The limitations discussed in the previous section also apply here due to the similarities shared between the methods. In addition, it is worth bearing in mind that the temperature shifts involved in this assay preclude the exact determination of how much protein is endocytosed for each increment of time, particularly in the case of rapidly internalized or rapidly recycling proteins. The assay therefore only provides a semiquantitative estimation of endocytic rates. Total internal reflection fluorescence microscopy can be used to track the uptake of each loaded vesicle and provide a more precise measurement of the kinetics of endocytosis. It can therefore provide a very useful complement to this assay, assuming that a fluorescently tagged chimeric construct of the protein of interest is available11.

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Protocol

1. Determining Relative Cell-surface Protein Expression in Astrocytes by Biotinylation

NOTE: Here, we illustrate the application of this biotinylation technique to the study of the effects of the extracellular matrix molecule laminin on the cell-surface localization of the water-permeable channel aquaporin-4 (AQP4). Specialized materials required for this assay include sulfo-NHS-LC-biotin and streptavidin-agarose resin (see Table of Materials).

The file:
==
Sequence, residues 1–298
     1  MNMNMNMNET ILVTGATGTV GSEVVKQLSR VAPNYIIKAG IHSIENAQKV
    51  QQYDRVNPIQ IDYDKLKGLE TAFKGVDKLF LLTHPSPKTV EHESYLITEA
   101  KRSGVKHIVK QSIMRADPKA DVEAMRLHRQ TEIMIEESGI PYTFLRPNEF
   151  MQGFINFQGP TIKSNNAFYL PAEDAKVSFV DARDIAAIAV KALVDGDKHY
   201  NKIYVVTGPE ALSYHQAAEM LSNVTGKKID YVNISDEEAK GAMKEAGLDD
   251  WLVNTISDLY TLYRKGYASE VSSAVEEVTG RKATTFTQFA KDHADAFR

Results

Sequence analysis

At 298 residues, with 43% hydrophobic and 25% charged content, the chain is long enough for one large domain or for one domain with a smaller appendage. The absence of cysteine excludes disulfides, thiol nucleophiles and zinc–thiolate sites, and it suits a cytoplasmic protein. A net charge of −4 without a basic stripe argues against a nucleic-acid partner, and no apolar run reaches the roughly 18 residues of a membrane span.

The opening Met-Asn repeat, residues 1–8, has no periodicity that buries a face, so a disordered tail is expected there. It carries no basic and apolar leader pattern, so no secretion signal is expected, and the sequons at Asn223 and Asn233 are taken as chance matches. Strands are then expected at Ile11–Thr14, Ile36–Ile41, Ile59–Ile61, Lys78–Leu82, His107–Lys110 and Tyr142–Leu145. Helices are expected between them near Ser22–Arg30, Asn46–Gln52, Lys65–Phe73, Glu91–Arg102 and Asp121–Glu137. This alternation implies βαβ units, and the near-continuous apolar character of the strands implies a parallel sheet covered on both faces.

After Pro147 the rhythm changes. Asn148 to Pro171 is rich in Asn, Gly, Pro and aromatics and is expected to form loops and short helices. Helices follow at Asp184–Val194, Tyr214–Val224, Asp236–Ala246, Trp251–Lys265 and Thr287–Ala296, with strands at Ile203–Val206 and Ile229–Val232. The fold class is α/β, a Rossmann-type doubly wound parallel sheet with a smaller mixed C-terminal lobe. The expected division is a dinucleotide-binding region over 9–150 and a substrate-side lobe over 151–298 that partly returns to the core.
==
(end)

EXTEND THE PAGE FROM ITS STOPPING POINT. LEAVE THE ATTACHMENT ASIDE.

1. Using the method outlined in Noel et al.12, prepare cultures of cortical astrocytes approximately 2 weeks in advance of the assay, and grow them in 75 cm2 vented culture flasks. When astrocytes are 80 - 90% confluent, detach them from the culture surface using 0.05% trypsin, and then passage them 1:3.
  2. At 48 h prior to the assay, when cells are again 80 - 90% confluent, passage astrocytes 1:3 (accounting for the change in the culture format) onto 60 mm cell culture dishes so that they are >70% confluent on the day the experiment is to take place. Ensure that cells are evenly distributed between dishes.
  3. At 16 h prior to assay, pipette laminin into culture medium to a final concentration of 24 nM, and incubate at 37 °C.